Some of the other offerings include The Poseidon (tuna), The Rocky (Italian), The Animal House (meatball sub), and The Caddy Shack (a club sub). As for pizza, there’s the Good Night and Good Luck, for one — described as topped with garlic, garlic, tomatoes, and more garlic — and for breakfast, there’s a selection of sandwiches all named after directors. Where else are you going to walk in and say “Uh, yeah, hi. I’ll have a medium coffee and an Erich Von Stroheim. Thanks.”

Plus, the Box Office has a cute mini-store with mugs, totes, and t-shirts like these:


After lunch, there were other interesting things happening on the Cape of Cod this weekend: we spotted a cruise night sponsored by the Cape Cod Classic Car Club in Dennis, for instance:

cape cod crusie night

And on Saturday night, we caught Earth Junior at Arturo’s. EJ is my brother’s band – a surf rock trio that’s been playing on the cape for more than a decade. They treated the crowd to Sweet Caroline during the seventh inning of the Red Sox game:

My brother told me he hated the rendition, but I had to share it with Red Sox Nation. And besides, it’s not like they massacred it or anything.

Published: Wednesday, 21 May 2008 Tags: sandwich box office cafe texas chainsaw massacre earth junior sweet caroline red sox 12009 cape cod classic car club


Writerjax‘ left this comment on 22 May 08
Really!! I agree the naming of things has a certain je n’ais e quois that really raises the bar for the item being eaten.

That said, a Kevin Smith … I’m going to say at McDonald’s that’d be about the equivalent of an egg mcmuffin. Substantive, with a hint of cheese and a propensiity toward the silent but deadly.

A visitor‘ left this comment on 22 May 08
That’s an awesome idea…I’m now going to name everything I eat…I will insist that the rest of the world comply or at least play along…I’m going to McDonald to order a Kevin Smith right now…thanks

Memorial Day Staycation (Weekend update)

Happy Tuesday as some of us return to the working week … I wish I could recount hundreds of long-weekend adventures for you, but alas it was a pretty low-key holiday for me. And as Stuart Smalley would say, ‘and that’s … ok.’

I started the weekend off, however, trying out a new recipe from Bakerella, the Queen of Cupcakes and all things yummy. I was a little timid after painstakingly creating a braciole from the Good Eats Web site a couple of weeks ago that was more like a salt lick than an Italian delicacy, so I decided to give one of the more simple-looking recipes a try — peanut butter balls.

Success, and my hat off to Bakerella. She’s a culinary genius for World 2.0. The secret is in the Nutter Butters …

and the dipping is relatively easy. Mine aren’t as symmetrical as Bakerella’s but still tasty.

On Saturday, the highlight of the day had to have been a random, huge flea market we happened upon. Apparently Steve McQueen was there before us:

And in the evening, it was off to dinner at one of my favorite places, Cal’s, and then to join the rest of humanity in seeing the new Indiana Jones flick. For what it’s worth, I’m glad we went, and it was good for what it’s intended to be; a transition piece introducing Shia LeBoeuf as the next generation Indy (aka Mutt). Still, it’s no Temple of Doom, but I don’t think anyone expected it to be.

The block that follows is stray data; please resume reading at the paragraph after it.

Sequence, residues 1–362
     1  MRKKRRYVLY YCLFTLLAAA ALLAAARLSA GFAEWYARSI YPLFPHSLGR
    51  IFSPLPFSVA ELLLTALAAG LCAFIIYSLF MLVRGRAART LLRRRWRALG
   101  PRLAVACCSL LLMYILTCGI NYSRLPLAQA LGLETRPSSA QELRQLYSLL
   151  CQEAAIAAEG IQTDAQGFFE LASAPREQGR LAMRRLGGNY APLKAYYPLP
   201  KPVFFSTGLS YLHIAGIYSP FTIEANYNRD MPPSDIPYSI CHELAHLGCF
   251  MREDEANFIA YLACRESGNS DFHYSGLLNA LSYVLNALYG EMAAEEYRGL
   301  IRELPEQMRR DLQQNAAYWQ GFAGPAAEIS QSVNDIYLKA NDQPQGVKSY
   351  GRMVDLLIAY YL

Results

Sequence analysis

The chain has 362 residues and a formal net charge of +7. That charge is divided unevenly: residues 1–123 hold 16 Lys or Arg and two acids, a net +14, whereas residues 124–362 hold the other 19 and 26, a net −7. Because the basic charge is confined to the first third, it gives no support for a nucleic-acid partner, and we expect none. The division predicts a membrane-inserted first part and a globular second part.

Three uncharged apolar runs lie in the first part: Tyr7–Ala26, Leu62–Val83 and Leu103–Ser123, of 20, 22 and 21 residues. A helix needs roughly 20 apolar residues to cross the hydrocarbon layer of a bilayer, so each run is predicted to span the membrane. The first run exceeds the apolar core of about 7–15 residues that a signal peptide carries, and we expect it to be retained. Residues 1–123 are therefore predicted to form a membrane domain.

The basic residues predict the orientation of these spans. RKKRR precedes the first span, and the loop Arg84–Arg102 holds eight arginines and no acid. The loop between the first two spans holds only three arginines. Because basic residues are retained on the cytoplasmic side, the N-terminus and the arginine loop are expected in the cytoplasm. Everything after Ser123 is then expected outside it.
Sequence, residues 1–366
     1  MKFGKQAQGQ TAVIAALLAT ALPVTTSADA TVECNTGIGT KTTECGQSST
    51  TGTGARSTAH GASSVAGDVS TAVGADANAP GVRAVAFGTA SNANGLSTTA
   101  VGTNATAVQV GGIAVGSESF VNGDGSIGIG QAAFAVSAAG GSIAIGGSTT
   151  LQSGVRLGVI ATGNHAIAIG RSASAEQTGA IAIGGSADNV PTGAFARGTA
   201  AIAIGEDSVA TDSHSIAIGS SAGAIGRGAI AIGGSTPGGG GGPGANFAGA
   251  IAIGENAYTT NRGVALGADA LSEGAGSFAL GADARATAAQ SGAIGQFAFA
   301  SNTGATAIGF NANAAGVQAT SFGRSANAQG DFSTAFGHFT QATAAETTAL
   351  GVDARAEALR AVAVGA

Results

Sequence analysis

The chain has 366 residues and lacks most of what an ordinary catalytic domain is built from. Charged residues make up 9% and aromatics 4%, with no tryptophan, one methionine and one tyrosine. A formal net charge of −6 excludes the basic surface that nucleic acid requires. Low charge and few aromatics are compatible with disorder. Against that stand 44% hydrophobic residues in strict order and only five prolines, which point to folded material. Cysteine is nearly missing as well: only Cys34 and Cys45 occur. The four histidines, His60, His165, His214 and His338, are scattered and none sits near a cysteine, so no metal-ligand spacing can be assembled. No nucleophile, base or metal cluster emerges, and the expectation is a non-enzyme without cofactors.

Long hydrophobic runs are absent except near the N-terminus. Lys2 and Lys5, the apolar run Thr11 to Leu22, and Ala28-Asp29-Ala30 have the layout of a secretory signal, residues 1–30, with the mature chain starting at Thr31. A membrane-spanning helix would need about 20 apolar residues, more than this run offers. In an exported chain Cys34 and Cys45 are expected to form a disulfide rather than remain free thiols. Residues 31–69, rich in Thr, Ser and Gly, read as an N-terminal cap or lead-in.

It was around the credits that my second major allergy attack of the season set in, thus setting the tone for the rest of the weekend – sniffly, ears plugged, throat scratchy, ARGH! I muscled through with some craft projects (started repainting the front porch planters, more on that later) and a CSI marathon on Spike TV. Which apparently is the ‘man channel.’ Whatever.

I also pulled out one of my older yoga DVDs, since I wasn’t going to make it to the gym. It’s actually a DVD with a companion book:

…and not a bad 30-minute cycle at all. It’s pretty low-budget – just Yolanda and an Oriental rug, really – but it’s low-stress enough that I went through the cycle twice.

Now, it’s back to the grind … thankful for the short week, though. Meatier posts to come soon, including a 40 under 40 recap and a review of Marie Antoinette: The Journey, which my faithful readers know took me about four and a half years to finish (maybe more like eight months. But still. Eight months? Stop falling asleep with the book on your face, Grandma.)

A New England Autumn Wedding and tips for ‘Guest Photography’

We attended a fall wedding this weekend, one of my favorite things to do!

I’m a sucker for any wedding, but as autumn is my favorite season and October my favorite month, weddings this time of year are sort of a nuptial hat trick.

This ceremony and reception were held in two different Berkshire towns — the ceremony by a small private pond in Hinsdale and the reception at the quaint and totally New Englandy Morgan House in Lee.

Emily and Jay's Wedding

In addition to posting some shots from the big day, I thought I’d share a few of my guest-at-the-wedding photo tips in the process. Most of us are armed with the cameras on our smartphones these days, and guests taking photos at weddings is a ubiquitous affair. Throughout every moment of the ceremony and reception, guests will be glued to their devices at varying times, snapping photos, editing them, and posting them online faster than you can say ‘cheese.’

The very first rule of ‘guest photography’ is to be a guest first, and a photographer second. The professional who’s been hired to capture images that day will thank you, too…go ahead and have fun, and if taking photos and video is part of the fun (it is for me), snap away. Just make sure that, when your nose is two inches from the cake as you try to take an artful shot of the rosettes on top, the professional photographer isn’t behind you trying to do the same thing.